Racial Bias and Prison Discipline: A Study of North Carolina State Prisons
43 N.C. Cent. L. Rev. 1
60 Pages Posted: 19 Apr 2022 Last revised: 16 Apr 2023
Date Written: April 14, 2022
Black and Indigenous people receive disproportionate disciplinary writeups in the North Carolina state prison system. As a result, incarcerated Black and Indigenous people are more likely than their white counterparts to experience disciplinary sanctions, including solitary confinement.
In this Article, I analyze data from the North Carolina Department of Public Safety. I employ two statistical techniques—binary logistic regression and multiple linear regression—to explore racial disparities in the disciplinary process. I consider disparities in overall disciplinary outcomes and disparities at several discrete moments in the disciplinary process. I show that, holding other variables constant, a Black person incarcerated in North Carolina was 10.3% more likely than a similarly situated white person to receive at least one disciplinary write-up in 2020. An Indigenous person was 13% more likely than a white person to receive a write-up. On the other hand, Latinx people and people of other races were less likely than white people to receive write-ups. Because Black and Indigenous people received disproportionate write-ups, they also received disproportionate sanctions. For example, relative to white people, Black people were 8% more likely and Indigenous people 23% more likely to be subjected to disciplinary segregation—a punitive form of solitary confinement. Explicit and implicit racial biases likely explain these disparities.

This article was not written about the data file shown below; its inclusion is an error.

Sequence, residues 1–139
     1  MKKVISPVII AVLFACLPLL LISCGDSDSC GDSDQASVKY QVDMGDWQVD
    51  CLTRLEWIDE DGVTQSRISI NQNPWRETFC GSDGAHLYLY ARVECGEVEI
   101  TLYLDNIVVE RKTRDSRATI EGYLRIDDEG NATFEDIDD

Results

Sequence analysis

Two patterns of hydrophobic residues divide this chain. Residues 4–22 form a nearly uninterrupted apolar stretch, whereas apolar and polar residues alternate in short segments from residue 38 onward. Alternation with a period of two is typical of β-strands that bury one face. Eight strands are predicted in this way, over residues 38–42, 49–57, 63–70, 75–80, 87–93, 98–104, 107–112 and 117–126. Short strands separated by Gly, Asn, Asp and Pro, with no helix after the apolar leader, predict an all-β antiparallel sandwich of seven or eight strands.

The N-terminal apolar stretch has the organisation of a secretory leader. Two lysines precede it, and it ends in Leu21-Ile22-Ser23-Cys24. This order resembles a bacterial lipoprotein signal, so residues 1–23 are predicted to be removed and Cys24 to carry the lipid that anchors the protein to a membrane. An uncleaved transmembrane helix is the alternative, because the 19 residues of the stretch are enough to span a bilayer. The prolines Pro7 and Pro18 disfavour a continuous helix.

These findings support several recommendations from the landmark 2020 report by the North Carolina Task Force for Racial Equity in Criminal Justice. The Task Force advocated reforming the prison system’s handling of alleged disciplinary infractions. The proposed reforms would mitigate bias in the prison-discipline process and in adjacent processes like parole review. While these reforms are not perfect antidotes to racial bias, they would promote equity within the prison system. The present analysis suggests that the North Carolina Department of Public Safety—and, where legislative changes are necessary, the North Carolina General Assembly—should adopt, fund, and implement the proposed reforms.
Keywords: Race, Law, Prison, Criminal Law, Discipline, Implicit Bias, Solitary Confinement
JEL Classification: K14
Suggested Citation: Suggested Citation